Friday, September 19, 2014

Sherlock Sam illustrations

Illustrations for the Sherlock Sam children's series, published by Epigram Books. The series is written by Adan and Felicia (who make up A. J. Low) and illustrated by me. The authors, who are total geeks when it comes to superheroes and science fiction have made their own Singaporean version of Sherlock Holmes. The stories follow the adventures of the kid detective (who likes to eat) and his sidekick robot, Watson. I was tasked with designing the look of the characters as well as the style of the book. I chose to use a sable brush and ink combined with a grey wash applied in photoshop to achieve a simple yet lively look for the drawings. At present, the 7th book has been completed and will be going out for print soon. All illustrations (c) Epigram Books.














Tuesday, September 16, 2014

A day at the Singapore Sports Hub

I did a journal styled comic for the Singapore Sports Hub. Read the full comic HERE.


Pencil + watercolours + photoshop

Tuesday, September 09, 2014

baby and tyres

Sat outside the building and drew while my tyres were being fixed in June.  parallel pen + calligraphy markers + photoshop

Tuesday, September 02, 2014

New picturebook: Little Red in the Hood

A new picture book is out in bookstores. Written by Glen Goei and illustrated by Drewscape, it is a Singaporean take on the familiar Red Riding Hood tale. It's called Little Red in the Hood. Check it out today! To buy it online, visit : http://www.epigrambooks.sg/little-red-in-the-hood/

For those who've read it, please leave a review in Goodreads:
https://www.goodreads.com/book/show/22910662-little-red-in-the-hood







Painted with acrylic inks.

Saturday, August 30, 2014

The people and places in my head this August

Drawn while at a shopping centre with Ollie and Von. Somehow, what I saw and experienced in real life seeped into these pictures. Osmiroid75 with sketch nib + brush pen + photoshop(gradient map)


Sumi brush and ink + wash + photoshop(gradient map)


A bird in my brother's house.
Osmiroid75 with sketch nib + watercolour  / Naka-ai SEF elastic + photoshop


Ballpoint / Dewent blendable colour pencils



Wednesday, August 20, 2014

Sunday, August 17, 2014

Gauze

Learned this from my Urbansketcher friends- Put guaze in a small botttle. Then soak it with Sumi ink. It keeps the ink from spilling out and accidentally dripping around. I can take it out anywhere I go. And using a sumi brush I can paint on the go by dipping in the bottle. No mess. It also works with bamboo pens.


Ackerman Pump Pen Gen 8 review


A pump pen (http://ackermanpens.com/shop/pump-pens/pump-pen-senior) is a pen that allows you to use those wonderful dip nibs without dipping in ink. An invention like this seems to promise increased convenience because you won't need to spend time dipping in a bottle of ink. And if you want to bring it out of the house (to a cafe, for example) you don't have to carry an extra bottle of ink with you. A bottle of ink is heavy, could spill, and it could get messy. Additionally, this pen allows you to use any kind of ink, even acrylic ink or indian ink in it because it isn't made like a fountain pen. It's just a barrel with a rubber button that pumps ink down to the nib.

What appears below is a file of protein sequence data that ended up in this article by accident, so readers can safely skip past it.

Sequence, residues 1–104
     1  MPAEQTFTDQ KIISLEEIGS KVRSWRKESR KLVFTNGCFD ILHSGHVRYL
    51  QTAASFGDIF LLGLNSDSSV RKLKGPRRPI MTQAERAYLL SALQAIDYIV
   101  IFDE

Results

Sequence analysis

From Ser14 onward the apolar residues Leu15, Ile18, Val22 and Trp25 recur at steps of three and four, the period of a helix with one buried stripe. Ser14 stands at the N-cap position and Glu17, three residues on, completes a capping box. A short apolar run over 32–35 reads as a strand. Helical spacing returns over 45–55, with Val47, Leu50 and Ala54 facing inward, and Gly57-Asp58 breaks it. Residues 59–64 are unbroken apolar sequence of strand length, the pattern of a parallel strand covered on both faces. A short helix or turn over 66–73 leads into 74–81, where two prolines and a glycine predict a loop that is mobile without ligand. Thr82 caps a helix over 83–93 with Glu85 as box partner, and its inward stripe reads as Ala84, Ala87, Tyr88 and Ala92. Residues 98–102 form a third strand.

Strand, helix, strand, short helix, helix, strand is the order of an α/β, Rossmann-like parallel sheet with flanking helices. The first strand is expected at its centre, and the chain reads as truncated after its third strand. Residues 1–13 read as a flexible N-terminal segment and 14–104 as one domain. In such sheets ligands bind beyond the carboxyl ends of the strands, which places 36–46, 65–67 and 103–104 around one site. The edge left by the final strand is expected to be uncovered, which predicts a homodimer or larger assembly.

This is the 8th version of this pen. The inventor, Charles Ackerman, is quite the tinkerer. He is excited about improving his pens and is always finding out how to make them better. As a person, he is friendly and nice to chat with. That is the impression I get from email exchanges with him. His pens are always in a state of flux as he makes them himself. One batch of pens might have different parts from another batch if you buy them a few months later, even though it is the same model. His pen business is home-run and he attends to it when he isn't working. He has gotten many bad reviews online due to missing pens in the mail and very delayed delivery of his pens. Sometimes, his pens are reported to arrive with missing parts. It is common to have no reply from him when emailed. But even with all these bad points, he does have his followers. There are people who still enjoy his pens.

The new Gen 8 Ackerman Pump Pen (or Pump pen senior) comes in a very decent package. A nice improvement over his previous packaging. The price is US$19.95.


The pen body seems to be aluminium. It doesn't feel very premium. Mine has a small dent in it. The words on the body spells Ackerman Pump Pen. It has a different font from the packaging. I personally prefer if the pen didn't scream the brand name.

The main feature of this new model is the reservoir that you can pull out from the back. That way you can easily know how much ink is left. And it's a lot easier to fill. However, the reservoir was practically impossible to pull out with my bare hands. It is friction fitted very tightly. I had to use pliers and some cloth (so I would not damage the plastic.)

The cap is also friction fitted. It was pretty tight too. But not as tight as the reservoir.

My pen came with a Gillott 303 dip pen nib, feed and section to match the nib,


I was rather disappointed that the plastic on the Gen 8 model looked poorer in quality than the Gen 7 model. It looked like cheaper plastic or just bad machine work. I expected a newer model to be an improvement. But this was a step back.



I filled the pen using an eyedropper.


I stuffed the reservoir into the pen from the back.


I made sure there was no gap between the tines. With or without the pump pen, if the tines are not together, the nib will not write. (Neither will a rusty nib)